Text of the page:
We have a number of systems with Kaeser here that are running three or even four VFD compressors at a time, but the system controller is running only the number that is required to fulfill the current demand, and it also considers the varying efficiency of each one of those compressors over their entire control range. Sometimes we call it also the digital twin, which is rebuilt inside the controller. So one of our recent system that has three 1,000 CFM VFD compressors, whereas the demand can be anywhere from 300 to more than 2,200 CFM for not just the blip of a second, but for a sustained time period. You have to cover them all with actual compressors in the most efficient way. The master controller must be able to operate just one by itself and regulate two or three in parallel and always running them at the optimal specific performance. If they're the same type or the same machine they would run pretty much at the same speed when in parallel mode. If that is either too high or too much, or in particularly too low in terms of flow, it will either turn another one on or off to get back into the sweet spot of each of those machines. So please consider those applications. Those are rare.

Another scenario that happens sometimes is that you have a VFD trim solution for high demand production times and then you have a smaller one for second or third shift in sometimes even the weekend where just the small machine is running, you don't want to run the 300 hp VFD for a 30 hp weekend. So last but not least, please be mindful that VFD compressors have higher running hours, which means service hours, that could lead to higher maintenance costs, lifecycle costs in particular if the compressor is oversized. We have a whole webinar just on that topic, turning a unit off when not needed or outside its best performance is of course a major benefit of such a master controller.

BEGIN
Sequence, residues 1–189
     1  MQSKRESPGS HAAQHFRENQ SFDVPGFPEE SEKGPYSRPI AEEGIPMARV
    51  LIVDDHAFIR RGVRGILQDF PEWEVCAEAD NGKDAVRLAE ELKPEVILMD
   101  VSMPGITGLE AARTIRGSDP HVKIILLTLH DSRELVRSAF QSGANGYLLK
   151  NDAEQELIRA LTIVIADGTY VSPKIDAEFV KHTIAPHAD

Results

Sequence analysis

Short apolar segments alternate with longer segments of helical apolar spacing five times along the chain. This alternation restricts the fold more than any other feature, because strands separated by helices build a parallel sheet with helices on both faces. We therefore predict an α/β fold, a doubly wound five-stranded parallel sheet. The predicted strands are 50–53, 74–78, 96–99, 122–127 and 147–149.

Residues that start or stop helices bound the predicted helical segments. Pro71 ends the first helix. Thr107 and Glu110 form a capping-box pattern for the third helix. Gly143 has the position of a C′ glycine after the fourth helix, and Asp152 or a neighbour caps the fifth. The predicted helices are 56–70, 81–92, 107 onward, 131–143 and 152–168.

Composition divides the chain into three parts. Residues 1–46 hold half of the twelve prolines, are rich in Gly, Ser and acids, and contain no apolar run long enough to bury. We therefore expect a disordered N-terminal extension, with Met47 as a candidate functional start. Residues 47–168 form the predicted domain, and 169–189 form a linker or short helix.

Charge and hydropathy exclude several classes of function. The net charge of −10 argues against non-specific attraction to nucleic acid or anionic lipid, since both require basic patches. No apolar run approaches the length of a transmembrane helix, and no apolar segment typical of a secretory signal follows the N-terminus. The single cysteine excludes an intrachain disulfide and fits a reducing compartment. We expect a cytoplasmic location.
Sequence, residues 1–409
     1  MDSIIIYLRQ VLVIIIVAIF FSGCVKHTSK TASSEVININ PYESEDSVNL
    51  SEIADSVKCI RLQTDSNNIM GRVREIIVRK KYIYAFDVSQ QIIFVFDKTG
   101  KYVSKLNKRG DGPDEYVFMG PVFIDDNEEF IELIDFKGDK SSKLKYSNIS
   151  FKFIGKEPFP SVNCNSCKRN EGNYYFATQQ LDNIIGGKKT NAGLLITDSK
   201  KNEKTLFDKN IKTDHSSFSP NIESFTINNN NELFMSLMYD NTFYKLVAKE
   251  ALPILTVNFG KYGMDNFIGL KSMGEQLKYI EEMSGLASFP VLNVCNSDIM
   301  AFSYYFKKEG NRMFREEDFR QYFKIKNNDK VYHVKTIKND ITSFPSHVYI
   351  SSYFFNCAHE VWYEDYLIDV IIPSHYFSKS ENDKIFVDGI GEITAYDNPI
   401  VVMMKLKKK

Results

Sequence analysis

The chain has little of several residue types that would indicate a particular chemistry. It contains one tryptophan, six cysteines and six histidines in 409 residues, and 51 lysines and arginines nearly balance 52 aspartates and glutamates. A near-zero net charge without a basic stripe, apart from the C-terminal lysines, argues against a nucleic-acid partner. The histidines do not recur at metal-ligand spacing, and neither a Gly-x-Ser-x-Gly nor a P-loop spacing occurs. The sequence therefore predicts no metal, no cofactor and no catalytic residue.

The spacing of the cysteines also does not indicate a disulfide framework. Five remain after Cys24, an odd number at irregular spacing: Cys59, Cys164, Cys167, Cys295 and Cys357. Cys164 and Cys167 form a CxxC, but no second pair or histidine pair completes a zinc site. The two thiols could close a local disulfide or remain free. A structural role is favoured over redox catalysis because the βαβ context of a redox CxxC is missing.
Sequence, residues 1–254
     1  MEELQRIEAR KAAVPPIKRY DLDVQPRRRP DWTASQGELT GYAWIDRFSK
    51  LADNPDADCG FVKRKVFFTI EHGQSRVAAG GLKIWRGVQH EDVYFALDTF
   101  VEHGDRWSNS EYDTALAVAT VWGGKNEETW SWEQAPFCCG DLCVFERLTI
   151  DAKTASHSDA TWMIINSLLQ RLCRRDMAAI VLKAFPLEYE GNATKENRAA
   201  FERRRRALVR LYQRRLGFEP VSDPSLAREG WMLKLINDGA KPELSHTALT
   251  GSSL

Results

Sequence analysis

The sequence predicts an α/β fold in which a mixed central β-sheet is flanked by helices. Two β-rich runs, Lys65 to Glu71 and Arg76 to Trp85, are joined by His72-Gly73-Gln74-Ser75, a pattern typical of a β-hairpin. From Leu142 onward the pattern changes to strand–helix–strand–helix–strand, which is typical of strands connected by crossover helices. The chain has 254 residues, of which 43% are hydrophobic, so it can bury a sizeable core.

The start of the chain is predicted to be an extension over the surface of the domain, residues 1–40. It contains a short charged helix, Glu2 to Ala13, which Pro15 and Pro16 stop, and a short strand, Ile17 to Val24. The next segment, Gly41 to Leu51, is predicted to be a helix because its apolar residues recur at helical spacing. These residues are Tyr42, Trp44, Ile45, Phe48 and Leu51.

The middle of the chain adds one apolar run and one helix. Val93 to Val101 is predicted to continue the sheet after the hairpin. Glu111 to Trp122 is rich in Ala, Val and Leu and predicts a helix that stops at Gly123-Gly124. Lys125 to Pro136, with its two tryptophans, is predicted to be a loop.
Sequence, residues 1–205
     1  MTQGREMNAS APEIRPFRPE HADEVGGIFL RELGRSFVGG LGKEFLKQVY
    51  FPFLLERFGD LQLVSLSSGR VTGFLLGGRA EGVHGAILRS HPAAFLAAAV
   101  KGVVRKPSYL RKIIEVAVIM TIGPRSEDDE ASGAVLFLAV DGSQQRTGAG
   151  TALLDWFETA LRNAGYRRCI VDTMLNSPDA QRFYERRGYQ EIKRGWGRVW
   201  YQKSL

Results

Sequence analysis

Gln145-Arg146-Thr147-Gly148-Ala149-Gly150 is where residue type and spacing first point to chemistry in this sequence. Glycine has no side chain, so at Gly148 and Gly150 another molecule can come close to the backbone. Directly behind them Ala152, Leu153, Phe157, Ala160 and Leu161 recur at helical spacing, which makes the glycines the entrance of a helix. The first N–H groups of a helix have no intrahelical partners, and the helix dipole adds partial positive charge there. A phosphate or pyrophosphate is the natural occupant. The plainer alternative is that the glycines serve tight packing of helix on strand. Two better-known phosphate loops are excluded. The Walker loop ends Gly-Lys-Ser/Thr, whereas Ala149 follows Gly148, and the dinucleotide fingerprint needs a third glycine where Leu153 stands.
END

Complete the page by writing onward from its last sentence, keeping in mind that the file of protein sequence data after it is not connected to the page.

PS: Sometimes a maintenance manager has to have nerves of steel to make sure you don't oversize because they want to make sure that you do have the capacity you need to keep the lines going.

NM: Yeah, that's a great point, Tom, and I think that dovetails into the point I'd like to make is, if you want to know if your system will benefit from a variable frequency driven compressors is to do an air analysis and that's going to help you avoid that oversizing. If you have flow and pressure data, boom, you know you can kind of figure out, hey, will my system benefit from a VFD? what size VFD do I need? And you know another plug for that master controller or system controller: most of these devices out there can actually provide you with a data set that you can look at and make that determination.

PS: Neil, you mentioned a couple of key data points and often times maintenance managers can be awash in various kinds of machine health data from temperature and pressure up to vibration of rotating machines. When it comes to compressors and these multi-unit control systems, what kind of information do you see these controls providing that's useful to the maintenance and reliability folks?

NM: Yeah, it’s a great question. I think you pointed out some of the things that as a manufacturer we would certainly like to see. The big thing is compressor health, right? Are there any alarms? Are there any messages or warnings that's going on with the units and that would then trigger some kind of action. But in general, like I just mentioned, you know that continuous supply side audit – great set of information so you can see, OK, well, you know I have 1, 2, 3, 5 (etc.) different units. How are they actually operating, what's that flow profile?

These master controllers will also calculate your energy usage, so then you can see how efficient you are, so that key performance index kilowatt per 100 CFM trend that over time. The baselining existing conditions is a must. Once a master controller goes in, you can see OK where are we at? The interesting thing is most of these you can just flip a switch and turn it back off and you can really see how the system was performing before.

One of the things that we do with every system that we put in is ensure that when the master controller is off, you can revert back to as efficient a system as possible without that master, so that you don't have the same thing we talked about before, where the compressors are fighting each other. In general, it helps to validate any upgrades that you do for management review. So for me, that's pretty key.

Many masters out there can provide you with a simple table for energy efficiency, so you know that could be days, weeks, months or even years. You know, for me as a data nerd, it's pretty great. You know, I just plug in a couple days. How did I do last week? OK, the system’s efficient from a load optimizations standpoint, very little idle time, specific power of the station is pretty good, the cost of dollars per thousand CFM is within a range that we would expect.